Pilgrim's Progress | Study Guide

John Bunyan

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Pilgrim's Progress | Part 1, Chapter 4 | Summary

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Summary

Before leaving the Palace Beautiful, Christian returns to the armory, where he is given a full suit of armor to defend himself against unspecified "assaults." He hears that his neighbor Faithful has been spotted along the highway and wishes to catch up with him. First, however, Christian must navigate the Valley of Humiliation, where he meets a fiend named Apollyon. The demon first tries to get Christian to forsake God and return to the City of Destruction, but, failing to persuade him, he attacks him instead. After a frightful struggle, Christian wounds Apollyon and forces him to retreat.

After the Valley of Humiliation comes the Valley of the Shadow of Death, where Christian encounters a pair of spies who warn him of the many monsters lurking therein. They flee, presumably back through the Valley of Humiliation, but Christian proceeds. The path is narrow, with a steep ditch on one side and a bottomless quagmire on the other. Nonetheless, Christian makes it through, relying on continual prayer to pluck up his courage, even when he hears voices whispering "grievous blasphemies" all around him.

The sun rises, and Christian reaches the end of the valley, alongside which he sees a cave. This, John Bunyan explains, is the home of two giants, Pope and Pagan, who were once quite terrifying and killed many men. Pagan, however, is now dead, and Pope has grown decrepit with age. Thus, Christian emerges unharmed from the Valley of the Shadow of Death.

Analysis

Christian is armored like a knight, which invokes references to stories of Christian knights who rode into battle with the Saracens (identified as the Muslims who held the Holy Land of Jesus's time) during the Crusades (late 11th century), and King Arthur's knights of the Round Table, who were set on heroic deeds, one of which was to find the Holy Grail, or the cup from which Christ drank at the Last Supper. Whether or not Bunyan read these stories for himself or was told them by oral tradition, he certainly realized their dramatic and thrilling potential to attract young men and draw them into a spiritual battle for themselves. Bunyan himself contemplated writing a version of King Arthur and the knights. In any case, his allegory The Holy War (1682) includes this imagery. Even today, evangelistic rhetoric exhorting Baptist youth to go forward as warriors of Christ into missionary work invokes the glamor of knightly battle righteously won against the ignorance of nonbelievers. The Pilgrim's Progress represents this as both an internal and external battle. The two valleys through which Christian must pass are inhabited by monsters, the first of which in the Valley of Humiliation is Apollyon. The name Apollyon (the Hebrew word Abbadon as translated from the Greek) appears in biblical text in Revelations 9:11 and refers to a place of destruction later personified as "the angel of the bottomless pit."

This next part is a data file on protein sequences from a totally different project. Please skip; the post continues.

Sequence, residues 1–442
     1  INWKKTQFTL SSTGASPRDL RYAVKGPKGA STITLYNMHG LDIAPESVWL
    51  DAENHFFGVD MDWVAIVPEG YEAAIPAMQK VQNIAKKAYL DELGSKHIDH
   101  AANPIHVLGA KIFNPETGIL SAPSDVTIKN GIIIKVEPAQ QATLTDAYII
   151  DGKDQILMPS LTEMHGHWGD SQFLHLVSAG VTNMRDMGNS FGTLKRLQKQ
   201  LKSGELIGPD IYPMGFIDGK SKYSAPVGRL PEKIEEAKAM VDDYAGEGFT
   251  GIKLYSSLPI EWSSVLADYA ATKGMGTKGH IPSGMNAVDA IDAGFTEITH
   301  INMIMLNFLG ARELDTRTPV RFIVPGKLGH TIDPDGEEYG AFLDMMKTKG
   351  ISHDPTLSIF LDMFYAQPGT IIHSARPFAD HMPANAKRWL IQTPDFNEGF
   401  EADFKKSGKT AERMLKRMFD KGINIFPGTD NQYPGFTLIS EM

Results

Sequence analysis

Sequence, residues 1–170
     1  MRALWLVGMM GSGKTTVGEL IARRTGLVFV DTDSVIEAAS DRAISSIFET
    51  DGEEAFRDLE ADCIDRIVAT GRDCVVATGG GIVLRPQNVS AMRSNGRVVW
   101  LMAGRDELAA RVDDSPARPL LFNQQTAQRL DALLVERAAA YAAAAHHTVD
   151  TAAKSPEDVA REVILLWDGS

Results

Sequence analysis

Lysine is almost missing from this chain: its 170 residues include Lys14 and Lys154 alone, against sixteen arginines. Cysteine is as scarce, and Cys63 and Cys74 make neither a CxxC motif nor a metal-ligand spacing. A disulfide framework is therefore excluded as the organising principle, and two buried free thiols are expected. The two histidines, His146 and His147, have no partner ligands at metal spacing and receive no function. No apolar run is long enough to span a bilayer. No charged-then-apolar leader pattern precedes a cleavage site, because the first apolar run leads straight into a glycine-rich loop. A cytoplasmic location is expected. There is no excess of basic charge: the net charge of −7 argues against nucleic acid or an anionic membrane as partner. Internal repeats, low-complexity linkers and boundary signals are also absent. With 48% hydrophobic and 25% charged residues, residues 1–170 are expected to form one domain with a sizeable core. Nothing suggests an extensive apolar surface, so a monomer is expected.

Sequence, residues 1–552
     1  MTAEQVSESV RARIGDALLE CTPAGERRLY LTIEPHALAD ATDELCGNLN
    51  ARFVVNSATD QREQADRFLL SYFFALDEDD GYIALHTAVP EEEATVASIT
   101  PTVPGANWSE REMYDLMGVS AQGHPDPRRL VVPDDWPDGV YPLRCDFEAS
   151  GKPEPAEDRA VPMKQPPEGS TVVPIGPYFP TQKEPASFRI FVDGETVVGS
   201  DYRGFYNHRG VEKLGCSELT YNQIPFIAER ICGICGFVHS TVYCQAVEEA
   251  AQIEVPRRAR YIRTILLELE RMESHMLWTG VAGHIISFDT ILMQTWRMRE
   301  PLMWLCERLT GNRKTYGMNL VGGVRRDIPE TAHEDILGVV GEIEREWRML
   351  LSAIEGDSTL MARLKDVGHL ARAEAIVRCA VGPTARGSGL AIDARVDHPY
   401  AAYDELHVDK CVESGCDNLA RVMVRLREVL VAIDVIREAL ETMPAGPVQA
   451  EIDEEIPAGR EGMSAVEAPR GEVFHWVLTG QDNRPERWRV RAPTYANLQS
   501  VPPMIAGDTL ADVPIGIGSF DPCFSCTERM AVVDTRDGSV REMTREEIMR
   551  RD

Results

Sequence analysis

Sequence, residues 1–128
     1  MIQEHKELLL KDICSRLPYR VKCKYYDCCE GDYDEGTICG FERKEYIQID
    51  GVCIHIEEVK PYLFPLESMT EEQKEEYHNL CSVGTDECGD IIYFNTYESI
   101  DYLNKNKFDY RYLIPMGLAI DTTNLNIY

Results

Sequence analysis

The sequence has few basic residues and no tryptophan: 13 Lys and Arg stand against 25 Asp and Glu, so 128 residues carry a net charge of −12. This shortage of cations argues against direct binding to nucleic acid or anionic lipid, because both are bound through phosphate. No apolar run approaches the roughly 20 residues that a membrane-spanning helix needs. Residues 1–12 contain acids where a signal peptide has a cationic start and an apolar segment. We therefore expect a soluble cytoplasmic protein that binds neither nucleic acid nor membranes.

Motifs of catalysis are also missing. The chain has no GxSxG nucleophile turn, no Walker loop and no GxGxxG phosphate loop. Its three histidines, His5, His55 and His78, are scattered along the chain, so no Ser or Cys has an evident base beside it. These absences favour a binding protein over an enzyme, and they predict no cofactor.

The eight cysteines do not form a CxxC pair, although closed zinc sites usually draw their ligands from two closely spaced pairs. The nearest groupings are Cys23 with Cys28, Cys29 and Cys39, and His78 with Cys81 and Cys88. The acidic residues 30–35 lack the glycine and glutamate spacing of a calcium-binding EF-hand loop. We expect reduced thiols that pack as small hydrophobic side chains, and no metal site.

The Valley of the Shadow of Death is a phrase from the Twenty-Third Psalm, one of the most well-known of the Bible and particularly associated with final Christian funeral rites. The contrast between the fear of this valley and the image of Christ as a Good Shepherd who guides his flock to safety is drawn upon throughout Bunyan's story.

The two giants at the valley's end are a great help in understanding the religious and political context in which Bunyan wrote. "Pope" and "Pagan" symbolize the threats of the ancient and recent past, but, tellingly, there is no third giant to represent the threats of the present.

An anti-Catholic streak is evident in The Pilgrim's Progress at various times, but nowhere more than here, where Bunyan gives the name Pope to a senile yet terrible monster. Catholicism was officially repressed in England throughout much of the early modern period, but this repression was relaxed somewhat under Charles II (1630–85), the first monarch of the English Restoration era, likely due to the fact that his queen was Catholic. Hence Bunyan's portrayal of the pope (the supreme leader of the Catholic Church) as a former threat who has lost much of his power to threaten pilgrims but who is not quite dead.

The figure of Pagan, who appears to represent non Judeo-Christian religions as a group, shows that the focus of Bunyan's religious writing is close to home. England in Bunyan's time had extremely few residents who did not at least outwardly profess some variety of Christianity. Of those few, most were Jewish. Worldwide, however, Christianity did not enjoy the dominant position that it had acquired in late 17th-century English society. The idea of "pagan" traditions as a largely defunct opponent to Christianity was accurate only from a European perspective.

In England the main political antagonist of Bunyan's Separatist beliefs was thus not the still-suppressed Catholic Church nor the ancient "pagan" customs of the British Isles. Instead, the force most responsible for marginalizing Separatism and repressing its leaders was the established Church of England, which had resumed its prestigious place in English society when the monarchy was restored. Prior to the Restoration, Separatists had briefly ruled the country, so the official backlash was in a sense predictable. Living through this backlash as a member of a minority religion, Bunyan—ordinarily no stranger to controversy—is shrewd enough not to include a third evil giant called Anglican.

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